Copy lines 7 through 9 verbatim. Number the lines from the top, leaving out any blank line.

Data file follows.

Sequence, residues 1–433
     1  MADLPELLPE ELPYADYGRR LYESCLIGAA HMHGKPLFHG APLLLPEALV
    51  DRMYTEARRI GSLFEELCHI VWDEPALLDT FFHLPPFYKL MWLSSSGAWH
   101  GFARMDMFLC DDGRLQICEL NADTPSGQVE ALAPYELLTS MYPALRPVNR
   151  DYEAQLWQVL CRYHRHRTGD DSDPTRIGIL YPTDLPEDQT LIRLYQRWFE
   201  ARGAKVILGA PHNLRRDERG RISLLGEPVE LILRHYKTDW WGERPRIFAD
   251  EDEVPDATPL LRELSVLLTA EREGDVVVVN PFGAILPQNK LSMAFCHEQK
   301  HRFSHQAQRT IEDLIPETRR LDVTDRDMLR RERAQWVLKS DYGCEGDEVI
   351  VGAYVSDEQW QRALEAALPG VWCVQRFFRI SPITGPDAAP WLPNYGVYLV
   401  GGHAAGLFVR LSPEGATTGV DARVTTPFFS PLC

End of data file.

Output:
   251  EDEVPDATPL LRELSVLLTA EREGDVVVVN PFGAILPQNK LSMAFCHEQK
   301  HRFSHQAQRT IEDLIPETRR LDVTDRDMLR RERAQWVLKS DYGCEGDEVI
   351  VGAYVSDEQW QRALEAALPG VWCVQRFFRI SPITGPDAAP WLPNYGVYLV